Civil War Transcendence, part 275


Finally, I was able to stutter in a loud voice, “Do ya mean, if’n you go down, I’ll be in command?”

Mosby whispered, “Hush Lieutenant. Yes, that is exactly what I mean.”

As I shook my head from side to side, I looked him in the eye and hissed, “Tha Captains won’t follow me. I’m a Lieutenant.”

Mosby grinned and muttered, “Jim, ya been in more gunfights, wounded in more shootouts and participated in more cavalry charges than all these so-called Captains put together.  Once tha fighting starts, I betcha tha lot of ‘em goes to pieces. They’re gonna follow tha first man that shows he knows what he’s doin’. It ain’t a-gonna matter if he’s a General or a private.”

“Then why are you lettin’ ‘em command your companies?” I retorted.

“Cause they gotta learn some time,” he rejoined.

I looked at him for a long moment and then said, “Then don’t let yah’self go and git killed.”

He just grinned from ear to ear.  Then he pointed toward the western face of South Mountain and intoned, “I’m a-gonna put Greenley’s and Owens’ companies in tha trees at the base of the mountain. They’ll have a long ride to attack the Yank’s flank, but I ‘spect if’n we don’t put ‘em therah, the Yank cavalry flanking guard might discover ‘em. Heck, they probably will anyway, but hopefully it’ll give our other companies the element of surprise.”

I looked from the mountain back at Mosby and muttered, “You don’t think this is gonna work, do ya?”

Mosby turned and looked at me and said, “This is tha best plan for inflicting casualties on tha Yanks and getting over tha mountain to meet up with General Ashby. I like tha initial plan. I just wish we had more cover here. And since I’m wishing for the moon, I wish that Gapland was located about 10 miles away from here. That town’s gonna be tha thorn in our side.”

We stood around in silence for a few more moments. Then Mosby said, “Better go and get ready. As soon as ya get back, I’m a-gonna send you to get tha two companies up and dispersed in tha trees.”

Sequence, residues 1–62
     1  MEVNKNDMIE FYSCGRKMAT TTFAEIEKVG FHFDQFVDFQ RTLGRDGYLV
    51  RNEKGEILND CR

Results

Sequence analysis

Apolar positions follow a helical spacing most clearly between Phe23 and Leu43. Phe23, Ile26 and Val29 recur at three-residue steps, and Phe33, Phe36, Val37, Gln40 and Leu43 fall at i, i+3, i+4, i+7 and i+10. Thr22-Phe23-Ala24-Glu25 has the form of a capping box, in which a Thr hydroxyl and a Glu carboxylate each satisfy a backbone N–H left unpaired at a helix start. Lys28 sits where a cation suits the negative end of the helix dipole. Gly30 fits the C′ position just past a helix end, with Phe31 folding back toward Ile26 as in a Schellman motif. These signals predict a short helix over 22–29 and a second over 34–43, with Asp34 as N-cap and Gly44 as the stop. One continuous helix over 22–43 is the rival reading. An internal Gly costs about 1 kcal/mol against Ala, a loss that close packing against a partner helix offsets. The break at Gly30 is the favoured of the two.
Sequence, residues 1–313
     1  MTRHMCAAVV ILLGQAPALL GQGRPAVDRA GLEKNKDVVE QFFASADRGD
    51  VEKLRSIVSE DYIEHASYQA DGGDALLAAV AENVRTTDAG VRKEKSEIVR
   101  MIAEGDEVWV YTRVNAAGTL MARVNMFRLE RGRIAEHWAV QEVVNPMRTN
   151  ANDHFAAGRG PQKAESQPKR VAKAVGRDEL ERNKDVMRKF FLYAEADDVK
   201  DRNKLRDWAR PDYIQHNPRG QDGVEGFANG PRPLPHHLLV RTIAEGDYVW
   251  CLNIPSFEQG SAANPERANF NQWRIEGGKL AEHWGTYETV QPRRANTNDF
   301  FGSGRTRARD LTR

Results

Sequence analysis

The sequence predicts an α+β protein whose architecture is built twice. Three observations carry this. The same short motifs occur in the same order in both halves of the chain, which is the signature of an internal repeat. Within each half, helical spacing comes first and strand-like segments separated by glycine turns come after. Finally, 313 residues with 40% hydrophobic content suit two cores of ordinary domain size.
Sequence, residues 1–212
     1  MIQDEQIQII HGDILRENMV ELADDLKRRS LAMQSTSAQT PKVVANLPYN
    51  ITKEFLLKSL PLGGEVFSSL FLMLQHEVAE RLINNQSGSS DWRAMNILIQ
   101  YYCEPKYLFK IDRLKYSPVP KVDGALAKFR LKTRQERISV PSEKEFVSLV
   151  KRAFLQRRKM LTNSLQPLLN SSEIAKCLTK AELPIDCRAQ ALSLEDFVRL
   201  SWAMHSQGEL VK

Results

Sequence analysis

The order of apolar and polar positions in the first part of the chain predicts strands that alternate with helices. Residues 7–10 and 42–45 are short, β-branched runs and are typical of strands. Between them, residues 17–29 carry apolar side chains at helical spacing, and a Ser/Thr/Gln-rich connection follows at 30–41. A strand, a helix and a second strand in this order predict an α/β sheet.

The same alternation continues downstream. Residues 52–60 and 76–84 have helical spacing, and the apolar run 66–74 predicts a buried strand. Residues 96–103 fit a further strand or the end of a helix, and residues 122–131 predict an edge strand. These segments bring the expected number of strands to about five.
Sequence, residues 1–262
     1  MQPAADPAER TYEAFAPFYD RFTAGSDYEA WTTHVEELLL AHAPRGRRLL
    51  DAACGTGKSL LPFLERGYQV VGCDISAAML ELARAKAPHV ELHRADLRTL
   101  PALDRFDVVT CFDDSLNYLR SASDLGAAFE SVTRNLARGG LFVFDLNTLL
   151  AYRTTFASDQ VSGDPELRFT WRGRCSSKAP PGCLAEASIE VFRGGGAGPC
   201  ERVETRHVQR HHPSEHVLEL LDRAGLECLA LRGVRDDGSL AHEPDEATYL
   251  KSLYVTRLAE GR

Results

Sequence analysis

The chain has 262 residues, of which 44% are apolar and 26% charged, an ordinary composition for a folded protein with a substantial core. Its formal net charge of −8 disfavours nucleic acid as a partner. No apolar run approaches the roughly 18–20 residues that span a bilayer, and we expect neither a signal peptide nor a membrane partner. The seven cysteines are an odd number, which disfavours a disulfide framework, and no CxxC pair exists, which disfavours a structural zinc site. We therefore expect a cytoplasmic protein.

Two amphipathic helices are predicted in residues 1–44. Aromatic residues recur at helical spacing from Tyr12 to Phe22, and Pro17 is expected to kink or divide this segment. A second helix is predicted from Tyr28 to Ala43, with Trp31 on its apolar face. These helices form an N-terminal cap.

I saluted and left without waiting for his return salute.  I felt nauseous. As soon as I got back to Stonewall’s lair, I grabbed my canteen and took a big swig of water to settle my stomach.  My fearful manner must have created reverberations in the atmosphere because Stonewall came out of his reverie, turned his head and fixed his gaze on me.

I nodded at him and just said, “Yes, it’s that bad.”

He snored as I picked up his saddle and began the cinching process. Once completed, I said, “Come on,” and began walking back to the Major. Stonewall fell in behind me as we moseyed toward what I perceived as a great reckoning with the “powers that be.”

275 foggy mtn

I looked up and saw fog starting to form on the mountain. I could feel it’s fingers of frosty air as it floated down the mountain. I grinned and thought, “Well, this ethereal curtain will protect us from discovery for a while.” In appreciation I doffed my hat toward the mountain.

Suddenly, she appeared out of the gloom. I recognized that greenish blue tint immediately.

About Civil War Reflections

Vernon has been a Civil War buff since childhood, but had been inactive in Civil War history for over two decades. However, in the early 1990s his interest was rekindled after watching Ken Burns’ “Civil War Documentary” on PBS. He particularly became interested in the Battle of Antietam (Sharpsburg) and decided to learn more about this epic struggle.
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